I sped home from work with the afternoon commuters, ate a hurried dinner and headed over to Costco to pick up my copy. I didn’t do the midnight event at Barnes & Noble or Borders (I’m not that die-hard), but I had been counting the days nonetheless!

In the weeks leading up to it’s release, somebody (probably Rowling’s P.R. team) “leaked” the following teaser:

One major character will die. (cue the sinister music!)

This one-liner stoked the excitement of fans everywhere.

Stephen King publicly appealed to J.K. Rowling to spare Harry (the protagonist) from death. I knew, as well as he did, that Rowling was not one to shy away from tragedy.

Filled with anticipation, I raced home, found a comfortable spot, briefly savored the new-book smell, gently opened the cover and began to read.

I kept saying I’d put it down at 1 a.m….

…well, ok, maybe at 2 a.m….

…had to finish that chapter…

…maybe 3 a.m…

As the soft light of dawn crept through the window, I gently closed the book, replete with satisfaction. I finally knew the ending… what a luxurious moment.

My best friend awoke, came out to the living room and laughed at me, utterly dumbfounded by my quick read and thoroughly amused that I had lost a full night’s sleep to finish a book.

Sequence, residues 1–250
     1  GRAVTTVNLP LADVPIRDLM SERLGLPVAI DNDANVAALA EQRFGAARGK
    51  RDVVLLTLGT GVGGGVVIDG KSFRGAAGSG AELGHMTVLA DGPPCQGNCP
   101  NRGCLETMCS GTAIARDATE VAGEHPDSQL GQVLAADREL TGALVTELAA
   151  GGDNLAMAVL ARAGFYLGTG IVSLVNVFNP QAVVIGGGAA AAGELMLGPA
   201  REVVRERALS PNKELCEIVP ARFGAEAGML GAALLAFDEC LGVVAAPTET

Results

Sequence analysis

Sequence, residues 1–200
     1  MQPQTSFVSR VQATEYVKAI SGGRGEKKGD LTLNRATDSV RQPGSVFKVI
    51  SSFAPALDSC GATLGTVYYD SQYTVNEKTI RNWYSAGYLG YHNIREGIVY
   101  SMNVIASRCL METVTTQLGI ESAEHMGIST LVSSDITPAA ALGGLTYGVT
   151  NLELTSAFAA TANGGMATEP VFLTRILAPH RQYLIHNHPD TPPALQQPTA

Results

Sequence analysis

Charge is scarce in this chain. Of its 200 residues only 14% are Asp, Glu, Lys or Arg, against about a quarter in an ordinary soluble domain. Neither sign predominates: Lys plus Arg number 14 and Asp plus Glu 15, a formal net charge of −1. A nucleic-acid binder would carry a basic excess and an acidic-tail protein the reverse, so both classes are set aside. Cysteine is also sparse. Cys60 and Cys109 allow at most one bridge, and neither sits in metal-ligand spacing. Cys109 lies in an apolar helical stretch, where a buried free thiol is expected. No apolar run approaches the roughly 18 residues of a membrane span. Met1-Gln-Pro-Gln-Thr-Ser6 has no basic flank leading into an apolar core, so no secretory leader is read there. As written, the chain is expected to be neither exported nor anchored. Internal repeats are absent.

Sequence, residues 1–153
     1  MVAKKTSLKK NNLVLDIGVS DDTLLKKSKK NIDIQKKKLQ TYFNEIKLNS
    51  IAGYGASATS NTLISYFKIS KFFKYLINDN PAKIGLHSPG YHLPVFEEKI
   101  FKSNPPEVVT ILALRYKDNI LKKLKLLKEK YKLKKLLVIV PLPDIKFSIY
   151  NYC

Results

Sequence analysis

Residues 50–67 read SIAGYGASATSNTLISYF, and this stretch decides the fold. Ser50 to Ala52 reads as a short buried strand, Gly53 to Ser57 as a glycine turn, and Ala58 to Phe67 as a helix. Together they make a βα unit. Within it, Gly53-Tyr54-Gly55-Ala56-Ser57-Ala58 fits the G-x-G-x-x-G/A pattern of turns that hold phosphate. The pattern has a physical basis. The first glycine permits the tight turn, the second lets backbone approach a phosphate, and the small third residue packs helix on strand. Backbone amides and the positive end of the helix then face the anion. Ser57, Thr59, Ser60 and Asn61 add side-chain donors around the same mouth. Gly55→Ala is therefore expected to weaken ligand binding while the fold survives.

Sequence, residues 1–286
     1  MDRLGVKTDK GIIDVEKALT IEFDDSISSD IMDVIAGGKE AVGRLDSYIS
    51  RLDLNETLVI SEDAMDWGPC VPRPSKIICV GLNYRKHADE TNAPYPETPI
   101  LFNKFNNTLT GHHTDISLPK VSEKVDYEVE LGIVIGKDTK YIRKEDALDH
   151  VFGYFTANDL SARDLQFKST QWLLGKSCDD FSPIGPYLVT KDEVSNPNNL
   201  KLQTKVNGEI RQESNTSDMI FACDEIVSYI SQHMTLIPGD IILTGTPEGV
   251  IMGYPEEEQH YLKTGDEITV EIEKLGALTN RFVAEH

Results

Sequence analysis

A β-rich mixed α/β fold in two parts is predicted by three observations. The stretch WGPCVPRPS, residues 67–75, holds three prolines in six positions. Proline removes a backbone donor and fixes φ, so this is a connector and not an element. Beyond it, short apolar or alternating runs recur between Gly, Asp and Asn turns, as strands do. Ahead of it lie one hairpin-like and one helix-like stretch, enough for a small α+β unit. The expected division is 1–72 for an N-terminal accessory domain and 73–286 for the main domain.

Have you ever had a similar experience with a novel?

Well, get ready, because I have an embarrassing confession to make:

I have not always possessed the same all-consuming appetite for God’s Word.

I am extremely shamed by the admission, but I would be a liar if I said otherwise. When I get my hands on a great novel, I can’t put it down unless there is a compelling demand, but with the Word of God, there are times I just can’t seem to get into it.

Anybody else have that problem?

Reading God’s Word, like so many worthwhile tasks, is not always easy. It takes concerted effort to understand many of the passages therein and, as such, is difficult to digest. When we are tired, foggy-headed or distracted, it’s all too easy to give up time with the Word for things that are less taxing on the brain. Things that are thoroughly entertaining, but not life-changing.